GOLDEN DAWN PUBLICATIONS: GRACE AMELIA MURRAY née ABERCROMBY
Compiled: April 2023
IN THE GD
Grace Amelia Murray was initiated in September 1891 at its Isis-Urania temple in London; and chose the motto In excelsis. She was a friend of GD members the Laing sisters - Cecilia MacRae and Florence Kennedy – and because she was moving house when she was getting ready to be initiated, gave Cecilia’s address for where to send correspondence. In April 1892 Grace Amelia borrowed the texts of some talks to GD members given by William Wynn Westcott; they were on lineal figures and polygrams; and on magical oracles. This was probably part of an attempt to do the study required to qualify for the initiation into the GD’s inner, 2nd Order. She never took that second initiation and had ceased to be a member by 1903 at the latest. However, the talks she borrowed may have informed a book on ancient rituals that she wrote later in life.
R A Gilbert’s The GD Companion.
Freemasons’ Library GD collection GBR GD2/2/8a: receipts for items borrowed from William Wynn Westcott during 1891-1892.
SHORT PROFILE OF GRACE AMELIA
Grace Amelia was the second daughter of Sir George Samuel Abercromby, 6th Baronet, and his wife Agnes Georgiana Browne, a daughter of the 3rd Baron Kilmaine. The Abercromby family owned land in both Scotland and Ireland but their main residence was Forglen House, near Turiff in Aberdeenshire. Grace Amelia was born in London in 1864 and lived most of her life there. Her father died when she was eight and her brother Robert inherited as the 7th Baronet. Her mother died in 1898.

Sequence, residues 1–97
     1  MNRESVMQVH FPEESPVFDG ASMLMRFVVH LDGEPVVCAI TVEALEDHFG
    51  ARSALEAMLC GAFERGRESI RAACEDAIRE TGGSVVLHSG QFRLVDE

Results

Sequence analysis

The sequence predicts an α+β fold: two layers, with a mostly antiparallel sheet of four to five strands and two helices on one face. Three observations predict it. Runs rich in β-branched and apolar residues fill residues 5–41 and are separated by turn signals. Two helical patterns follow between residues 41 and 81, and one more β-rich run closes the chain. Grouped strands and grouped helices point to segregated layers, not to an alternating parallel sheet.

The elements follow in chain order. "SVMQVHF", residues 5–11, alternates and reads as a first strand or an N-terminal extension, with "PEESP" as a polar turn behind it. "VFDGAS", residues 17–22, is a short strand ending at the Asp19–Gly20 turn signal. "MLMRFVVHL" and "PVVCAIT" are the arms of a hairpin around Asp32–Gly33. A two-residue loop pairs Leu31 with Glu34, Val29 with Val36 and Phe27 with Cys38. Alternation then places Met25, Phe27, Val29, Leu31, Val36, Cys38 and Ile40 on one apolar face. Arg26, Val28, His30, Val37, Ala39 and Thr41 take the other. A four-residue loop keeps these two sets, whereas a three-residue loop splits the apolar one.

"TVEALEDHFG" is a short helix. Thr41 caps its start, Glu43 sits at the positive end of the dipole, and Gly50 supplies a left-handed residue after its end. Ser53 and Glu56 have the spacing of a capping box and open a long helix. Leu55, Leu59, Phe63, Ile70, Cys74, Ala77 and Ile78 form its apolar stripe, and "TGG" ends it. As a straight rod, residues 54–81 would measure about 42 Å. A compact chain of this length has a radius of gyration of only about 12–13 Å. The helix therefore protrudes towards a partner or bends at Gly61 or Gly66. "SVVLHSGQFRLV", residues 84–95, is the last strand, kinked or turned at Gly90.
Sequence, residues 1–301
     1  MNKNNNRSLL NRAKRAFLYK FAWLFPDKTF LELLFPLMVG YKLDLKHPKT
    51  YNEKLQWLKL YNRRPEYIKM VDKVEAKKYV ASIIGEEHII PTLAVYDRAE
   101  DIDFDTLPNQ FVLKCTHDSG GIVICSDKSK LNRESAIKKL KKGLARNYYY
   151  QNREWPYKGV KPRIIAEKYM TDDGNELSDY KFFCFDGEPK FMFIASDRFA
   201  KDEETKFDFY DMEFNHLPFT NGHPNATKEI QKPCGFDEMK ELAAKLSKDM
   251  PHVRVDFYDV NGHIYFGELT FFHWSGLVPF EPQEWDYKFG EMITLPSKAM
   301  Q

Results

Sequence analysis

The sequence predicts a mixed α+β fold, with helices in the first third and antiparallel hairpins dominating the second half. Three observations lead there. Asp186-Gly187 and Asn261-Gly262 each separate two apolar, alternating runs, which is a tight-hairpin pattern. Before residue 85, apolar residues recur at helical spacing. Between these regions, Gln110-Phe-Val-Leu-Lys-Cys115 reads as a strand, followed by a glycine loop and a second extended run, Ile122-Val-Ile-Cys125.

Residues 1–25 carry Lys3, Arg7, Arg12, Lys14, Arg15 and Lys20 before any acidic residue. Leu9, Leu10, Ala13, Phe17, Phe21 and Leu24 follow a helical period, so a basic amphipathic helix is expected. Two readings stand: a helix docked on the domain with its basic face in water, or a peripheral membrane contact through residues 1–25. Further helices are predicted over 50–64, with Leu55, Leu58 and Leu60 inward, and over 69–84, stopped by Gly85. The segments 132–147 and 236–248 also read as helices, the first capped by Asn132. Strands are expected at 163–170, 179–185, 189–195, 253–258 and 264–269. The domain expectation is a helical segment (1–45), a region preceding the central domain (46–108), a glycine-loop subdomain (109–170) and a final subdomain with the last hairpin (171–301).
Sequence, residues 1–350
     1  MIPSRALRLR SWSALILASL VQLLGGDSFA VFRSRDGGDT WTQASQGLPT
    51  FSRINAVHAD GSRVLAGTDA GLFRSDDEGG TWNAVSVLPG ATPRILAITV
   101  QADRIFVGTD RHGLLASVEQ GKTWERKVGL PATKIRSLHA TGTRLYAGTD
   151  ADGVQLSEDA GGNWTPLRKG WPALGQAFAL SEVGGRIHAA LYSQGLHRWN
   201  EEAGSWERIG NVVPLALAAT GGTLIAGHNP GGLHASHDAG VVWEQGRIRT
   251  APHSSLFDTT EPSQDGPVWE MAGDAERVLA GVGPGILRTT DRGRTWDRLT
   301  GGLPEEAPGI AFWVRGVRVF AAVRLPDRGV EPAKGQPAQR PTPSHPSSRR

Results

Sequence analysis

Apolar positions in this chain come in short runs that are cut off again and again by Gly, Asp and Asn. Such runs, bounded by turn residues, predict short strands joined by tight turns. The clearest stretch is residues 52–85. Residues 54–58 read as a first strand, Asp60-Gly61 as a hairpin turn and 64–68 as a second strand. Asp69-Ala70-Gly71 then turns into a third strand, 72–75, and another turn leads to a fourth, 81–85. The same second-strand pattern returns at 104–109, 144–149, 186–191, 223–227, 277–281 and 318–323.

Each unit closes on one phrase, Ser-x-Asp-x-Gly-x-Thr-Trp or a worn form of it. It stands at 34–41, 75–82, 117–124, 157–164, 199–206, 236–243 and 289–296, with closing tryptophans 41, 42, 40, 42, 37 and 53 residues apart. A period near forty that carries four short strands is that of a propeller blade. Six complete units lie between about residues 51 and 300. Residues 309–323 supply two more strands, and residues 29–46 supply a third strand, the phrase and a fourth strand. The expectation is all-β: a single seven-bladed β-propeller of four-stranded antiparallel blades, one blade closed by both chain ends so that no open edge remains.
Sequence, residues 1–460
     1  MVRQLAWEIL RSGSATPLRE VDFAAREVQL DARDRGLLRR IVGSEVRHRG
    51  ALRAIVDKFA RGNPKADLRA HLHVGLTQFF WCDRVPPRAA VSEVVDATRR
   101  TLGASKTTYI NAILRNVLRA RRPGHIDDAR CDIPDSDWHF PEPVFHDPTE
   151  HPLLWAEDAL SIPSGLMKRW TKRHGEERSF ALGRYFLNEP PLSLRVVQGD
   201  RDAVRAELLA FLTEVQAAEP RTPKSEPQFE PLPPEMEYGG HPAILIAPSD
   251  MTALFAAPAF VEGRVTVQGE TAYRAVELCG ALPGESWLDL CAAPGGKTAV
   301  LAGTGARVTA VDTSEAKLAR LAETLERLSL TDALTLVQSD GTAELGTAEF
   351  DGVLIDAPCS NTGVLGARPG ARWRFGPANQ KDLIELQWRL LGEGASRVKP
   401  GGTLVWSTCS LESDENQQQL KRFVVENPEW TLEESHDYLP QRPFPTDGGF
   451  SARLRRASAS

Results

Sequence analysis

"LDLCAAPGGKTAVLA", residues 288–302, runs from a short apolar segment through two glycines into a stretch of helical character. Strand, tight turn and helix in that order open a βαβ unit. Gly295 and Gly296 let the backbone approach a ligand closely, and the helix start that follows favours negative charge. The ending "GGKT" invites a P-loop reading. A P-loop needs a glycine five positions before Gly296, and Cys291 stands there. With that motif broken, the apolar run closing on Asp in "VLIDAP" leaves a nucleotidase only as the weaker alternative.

In December 1887 Grace Amelia married Keith William Murray (born 1860) son of William Powell Murray, a barrister who became Registrar of the High Court of Bankruptcy in London. Although he trained as an engineer, from 1887 Keith Murray worked as a genealogist, for Alfred Scott-Gatty, who became Garter King of Arms; and then for the College of Arms; which deals with royal and aristocratic issues of heraldry and genealogy. He died in 1922 and as far as I can tell was not a relation of GD member Oswald Murray.
Grace Amelia published a handful of works over a period of nearly 30 years: a work reflecting on the challenges to Christian faith in the modern era; a set of biographies of 18th century personalities; and some translations of novels from the French. She died in 1932.